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Every House Is Haunted Paperback – November 6, 2012


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Editorial Reviews

Review

"...His best stories resemble the work of Joss Whedon: contemporary fantasy in which quirky characters confront the uncanny with deadpan aplomb and an appealing degree of competence... I would be very curious to read a full-length novel from Rogers that provides a fantastic premise and proceeds to fully explore its consequences."
- Quill & Quire

"...the 22 stories in Rogers's debut collection demonstrate the author's talent for finding the terrifying in the seemingly ordinary... This work of classic horror in the style of Shirley Jackson, Richard Matheson, and early Stephen King should attract fans of a more refined kind of horror."
- Library Journal

"...nothing less than a brilliant short story collection... Every single story in this 300-page volume is a stand-out--so much so that it is impossible to choose a favorite. Or even several favorites. They all strongly remain with the reader days after turning the final page."
- Shroud Magazine

"...Rogers offers some real gems. Every House is Haunted is a harbinger of great things to come."
- San Francisco Book Review

"Ian Rogers' stories are old-fashioned in the very best sense: classic chillers in the spirit of Shirley Jackson and Richard Matheson. Every House Is Haunted is full of well-crafted, satisfying twists, a fine companion for any reader of literate horror."
- Andrew Pyper, author of Lost Girls, The Killing Circle, and The Guardians

About the Author

Ian Rogers is a writer, artist, and photographer. His debut collection, Every House Is Haunted, was the winner of the 2013 ReLit Award in the Short Fiction category, while his novelette, "The House on Ashley Avenue," was nominated for the Shirley Jackson Award. He is the author of the Felix Renn series of supernatural-noirs, which have been collected in the book SuperNOIRtural Tales. Ian lives with his wife in Peterborough, Ontario.
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Product Details

  • Paperback: 300 pages
  • Publisher: ChiZine Publications (November 6, 2012)
  • Language: English
  • ISBN-10: 9781927469163
  • ISBN-13: 978-1927469163
  • ASIN: 1927469163
  • Product Dimensions: 6 x 1 x 9 inches
  • Shipping Weight: 12 ounces (View shipping rates and policies)
  • Average Customer Review: 4.4 out of 5 stars  See all reviews (13 customer reviews)
  • Amazon Best Sellers Rank: #748,911 in Books (See Top 100 in Books)

More About the Author

Ian Rogers' debut collection, EVERY HOUSE IS HAUNTED, was the winner of the 2013 ReLit Award in the Short Fiction category. His novelette, "The House on Ashley Avenue," was nominated for the Shirley Jackson Award and was optioned for television by Universal Cable Productions.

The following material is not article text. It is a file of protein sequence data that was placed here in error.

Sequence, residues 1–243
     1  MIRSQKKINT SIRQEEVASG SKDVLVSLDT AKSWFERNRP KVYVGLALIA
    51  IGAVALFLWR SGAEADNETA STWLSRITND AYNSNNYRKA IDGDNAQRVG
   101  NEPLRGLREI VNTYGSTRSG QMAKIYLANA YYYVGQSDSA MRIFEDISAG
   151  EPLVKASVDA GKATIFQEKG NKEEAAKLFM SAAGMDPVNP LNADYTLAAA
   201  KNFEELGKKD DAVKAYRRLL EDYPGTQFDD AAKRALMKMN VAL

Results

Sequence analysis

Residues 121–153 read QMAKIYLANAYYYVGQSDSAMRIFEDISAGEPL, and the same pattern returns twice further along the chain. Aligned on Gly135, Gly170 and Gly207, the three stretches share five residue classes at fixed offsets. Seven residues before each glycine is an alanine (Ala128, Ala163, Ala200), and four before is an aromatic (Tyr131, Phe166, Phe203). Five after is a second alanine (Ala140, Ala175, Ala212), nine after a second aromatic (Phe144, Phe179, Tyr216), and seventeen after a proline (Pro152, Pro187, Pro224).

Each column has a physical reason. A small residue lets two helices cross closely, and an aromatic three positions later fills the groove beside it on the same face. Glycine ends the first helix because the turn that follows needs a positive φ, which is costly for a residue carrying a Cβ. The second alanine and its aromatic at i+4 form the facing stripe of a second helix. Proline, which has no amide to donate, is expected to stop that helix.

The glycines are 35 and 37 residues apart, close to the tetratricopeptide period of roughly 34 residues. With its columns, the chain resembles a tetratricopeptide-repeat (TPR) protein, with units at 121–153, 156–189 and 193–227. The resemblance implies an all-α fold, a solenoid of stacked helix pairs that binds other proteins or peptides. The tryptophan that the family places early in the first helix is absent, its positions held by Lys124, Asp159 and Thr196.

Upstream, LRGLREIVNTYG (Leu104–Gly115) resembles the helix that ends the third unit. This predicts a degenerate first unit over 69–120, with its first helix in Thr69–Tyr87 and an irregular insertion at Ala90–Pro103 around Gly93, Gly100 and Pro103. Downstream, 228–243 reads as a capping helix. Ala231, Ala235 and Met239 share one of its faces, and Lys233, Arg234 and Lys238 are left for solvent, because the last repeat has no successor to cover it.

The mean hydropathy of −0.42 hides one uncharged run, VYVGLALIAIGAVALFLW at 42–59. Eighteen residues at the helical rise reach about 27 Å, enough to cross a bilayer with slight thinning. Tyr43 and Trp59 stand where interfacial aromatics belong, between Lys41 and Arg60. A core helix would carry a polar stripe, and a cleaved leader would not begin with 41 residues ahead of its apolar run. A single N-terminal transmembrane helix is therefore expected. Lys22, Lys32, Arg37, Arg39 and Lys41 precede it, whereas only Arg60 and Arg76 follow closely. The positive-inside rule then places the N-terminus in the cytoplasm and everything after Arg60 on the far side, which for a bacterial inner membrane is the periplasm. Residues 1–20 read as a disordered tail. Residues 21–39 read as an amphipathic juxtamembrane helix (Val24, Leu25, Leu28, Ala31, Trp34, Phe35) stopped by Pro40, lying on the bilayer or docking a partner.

He is the author of the Felix Renn series of supernatural-noirs, which have been collected in the book "SuperNOIRtural Tales." For more information about the series, visit TheBlackLands.com.

Ian's stories have been published in markets such as Cemetery Dance, Broken Pencil, and Shadows & Tall Trees, His work has also been selected for "The Best Horror of the Year" and "Imaginarium: The Best Canadian Speculative Writing."

Ian lives with his wife, Kathryn, in Peterborough, Ontario. For more information, visit ianrogers.ca

Customer Reviews

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The story veers more deeply into surrealism.
M. Griffin
While it didn’t make the book, I recommend you check it out after you’ve read the stories.
Christopher
Ian Rogers speaks well of the dead--and writes about them beautifully.
Catherine MacLeod

Most Helpful Customer Reviews

3 of 3 people found the following review helpful By Pop Bop TOP 500 REVIEWER on February 13, 2013
Format: Paperback
So, we both like, admire and enjoy Ray Bradbury's work. Maybe you especially like "R is for Rocket". I prefer "The Martian Chronicles". We both agree that "The October Country" is sort of careless and a little sappy. We part company over "Fahrenheit 451", but both love "Something Wicked This Way Comes".

Well, thinking about the reviews and blurbs about this book, I get the same feeling about Ian Rogers. Everyone really likes certain pieces in this book, and they admire or appreciate the rest; we all just differ a bit on which ones are the best. I favor "The Currents", (because I really like Wandering Jack and traveling man stories), and I particularly admired "The Nanny", (which may be the most surgically precise and controlled ghost story ever). Others favor "Cabin D", or perhaps "The House on Ashley Avenue". The point is that there is wonderful work on display here, and at least one favorite for any reader, regardless of taste or inclination.